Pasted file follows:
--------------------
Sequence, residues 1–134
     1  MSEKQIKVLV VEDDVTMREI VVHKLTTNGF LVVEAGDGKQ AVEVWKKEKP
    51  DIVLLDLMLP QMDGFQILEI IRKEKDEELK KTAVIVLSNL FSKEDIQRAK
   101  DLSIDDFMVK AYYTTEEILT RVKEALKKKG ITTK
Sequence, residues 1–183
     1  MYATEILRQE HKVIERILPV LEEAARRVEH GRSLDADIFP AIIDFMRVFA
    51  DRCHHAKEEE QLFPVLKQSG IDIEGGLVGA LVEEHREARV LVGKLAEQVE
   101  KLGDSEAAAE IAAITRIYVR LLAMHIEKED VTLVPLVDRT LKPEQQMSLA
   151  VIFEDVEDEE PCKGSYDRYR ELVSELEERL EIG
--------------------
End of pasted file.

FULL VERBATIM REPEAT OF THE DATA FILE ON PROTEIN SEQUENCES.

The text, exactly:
Sequence, residues 1–134
     1  MSEKQIKVLV VEDDVTMREI VVHKLTTNGF LVVEAGDGKQ AVEVWKKEKP
    51  DIVLLDLMLP QMDGFQILEI IRKEKDEELK KTAVIVLSNL FSKEDIQRAK
   101  DLSIDDFMVK AYYTTEEILT RVKEALKKKG ITTK
Sequence, residues 1–183
     1  MYATEILRQE HKVIERILPV LEEAARRVEH GRSLDADIFP AIIDFMRVFA
    51  DRCHHAKEEE QLFPVLKQSG IDIEGGLVGA LVEEHREARV LVGKLAEQVE
   101  KLGDSEAAAE IAAITRIYVR LLAMHIEKED VTLVPLVDRT LKPEQQMSLA
   151  VIFEDVEDEE PCKGSYDRYR ELVSELEERL EIG